Like most superteams, the Brooklyn Nets will always have skeptics.
During their dynastic run, the Golden State Warriors are probably the lone exception in that regard over the last several seasons.
For the Nets, a win on the road against a vastly improved Bulls team on the second night of a back-to-back would’ve gone a long way towards silencing their critics. Alas, they lost to the tune of a 118-95 beatdown.
Yes, Brooklyn was coming off a convincing win over a scrappy Raptors team that’s probably better than their 6-5 record, but their loss to the Bulls just confirmed a disturbing trend we’ve seen from Steve Nash’s group.
Outside of a five-point win over Philadelphia, a team eternally without Ben Simmons, the Nets don’t really have any impressive victories on their resume.
The Nets haven’t proven they can beat an elite team this season.
Think about it. The Nets’ seven wins have come over Philadelphia, Washington (which, though improved, doesn’t have much star-power), a Pacers team that’s 4-7 and finished ninth in the conference last season, the lowly Pistons (twice), a middling Hawks side that’s struggled out of the gates, and the Raptors, a team whose most impactful player thus far is a rookie.
When Brooklyn has faced squads with a similar level of talent, they’ve faltered. They were out-classed by Milwaukee to open the season and blitzed by a young and energetic Hornets side, though that’s probably the lone outlier in this conversation.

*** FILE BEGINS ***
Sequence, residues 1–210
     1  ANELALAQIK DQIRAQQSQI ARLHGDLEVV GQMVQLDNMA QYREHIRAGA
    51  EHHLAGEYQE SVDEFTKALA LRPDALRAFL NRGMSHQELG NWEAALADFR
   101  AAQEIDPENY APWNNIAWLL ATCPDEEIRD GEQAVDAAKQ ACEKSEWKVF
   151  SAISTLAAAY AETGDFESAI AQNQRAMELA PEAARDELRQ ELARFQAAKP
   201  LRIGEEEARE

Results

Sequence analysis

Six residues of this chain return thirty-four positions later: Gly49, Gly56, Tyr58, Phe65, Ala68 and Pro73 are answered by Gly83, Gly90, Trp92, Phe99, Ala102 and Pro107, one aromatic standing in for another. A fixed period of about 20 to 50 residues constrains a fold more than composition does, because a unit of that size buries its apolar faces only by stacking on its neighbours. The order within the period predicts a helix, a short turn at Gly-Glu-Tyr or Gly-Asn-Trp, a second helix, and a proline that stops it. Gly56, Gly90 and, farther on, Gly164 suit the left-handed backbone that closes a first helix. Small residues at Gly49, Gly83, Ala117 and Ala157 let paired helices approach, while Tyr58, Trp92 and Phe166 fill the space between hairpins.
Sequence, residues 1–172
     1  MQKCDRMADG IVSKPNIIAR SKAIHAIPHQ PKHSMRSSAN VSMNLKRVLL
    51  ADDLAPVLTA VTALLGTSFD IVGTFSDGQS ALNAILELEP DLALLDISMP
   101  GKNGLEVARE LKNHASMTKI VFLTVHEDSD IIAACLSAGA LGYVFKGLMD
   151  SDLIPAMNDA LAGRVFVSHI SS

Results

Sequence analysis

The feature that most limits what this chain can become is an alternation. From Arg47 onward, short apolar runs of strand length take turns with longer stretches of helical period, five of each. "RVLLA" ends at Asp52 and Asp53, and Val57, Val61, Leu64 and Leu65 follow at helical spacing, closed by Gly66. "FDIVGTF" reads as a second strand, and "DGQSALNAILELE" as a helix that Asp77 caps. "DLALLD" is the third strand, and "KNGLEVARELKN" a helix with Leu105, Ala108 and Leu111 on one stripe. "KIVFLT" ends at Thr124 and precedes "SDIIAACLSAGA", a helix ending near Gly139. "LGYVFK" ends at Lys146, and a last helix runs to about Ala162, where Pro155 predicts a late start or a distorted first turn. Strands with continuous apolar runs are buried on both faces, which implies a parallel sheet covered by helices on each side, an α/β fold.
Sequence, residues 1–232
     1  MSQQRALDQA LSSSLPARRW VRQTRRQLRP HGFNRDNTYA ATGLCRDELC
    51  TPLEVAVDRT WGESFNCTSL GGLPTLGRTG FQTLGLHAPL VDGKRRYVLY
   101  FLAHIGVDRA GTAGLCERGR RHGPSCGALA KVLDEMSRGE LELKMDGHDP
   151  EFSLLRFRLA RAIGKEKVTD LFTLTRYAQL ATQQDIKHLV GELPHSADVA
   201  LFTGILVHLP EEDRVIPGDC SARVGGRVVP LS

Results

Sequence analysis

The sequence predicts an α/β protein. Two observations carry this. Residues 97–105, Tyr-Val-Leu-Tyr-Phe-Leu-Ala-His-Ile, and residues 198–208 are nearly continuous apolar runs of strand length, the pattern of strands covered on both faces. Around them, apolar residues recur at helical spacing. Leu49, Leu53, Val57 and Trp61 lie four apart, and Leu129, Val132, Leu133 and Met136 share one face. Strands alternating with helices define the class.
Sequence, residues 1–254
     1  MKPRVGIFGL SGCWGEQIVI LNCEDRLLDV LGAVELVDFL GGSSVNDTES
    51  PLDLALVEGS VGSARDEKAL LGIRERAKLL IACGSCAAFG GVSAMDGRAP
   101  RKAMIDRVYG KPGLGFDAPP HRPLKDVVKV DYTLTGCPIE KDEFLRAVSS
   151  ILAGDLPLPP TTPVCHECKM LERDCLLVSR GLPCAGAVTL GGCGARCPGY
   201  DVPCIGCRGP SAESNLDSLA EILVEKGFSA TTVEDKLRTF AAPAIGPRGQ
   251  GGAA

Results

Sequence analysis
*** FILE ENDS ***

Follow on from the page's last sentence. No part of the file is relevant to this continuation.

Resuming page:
Beyond that, the Nets came up short versus Miami, which might be the team to beat in the East this season, as well as Chicago, which added DeMar DeRozan, Lonzo Ball and Alex Caruso to an already-talented roster.
See the problem? We know it’s early in the season, and we’re obviously not hitting the panic button, but this is definitely something to monitor as the weeks go by.
If the Nets aren’t going to have Kyrie Irving for the foreseeable future (maybe the whole year), then Kevin Durant needs James Harden to rediscover his MVP form in order for them to win these barn-burners against the new-look Eastern Conference, let alone the handful of other heavyweights out west.
On paper, Brooklyn should have enough star-power to beat the likes of Milwaukee, Miami and Chicago. However, the first three weeks of the season have proven it’s not going to be nearly as easy as it was last year.
Let’s hope Nash and Co. can find a solution, because this is a little alarming.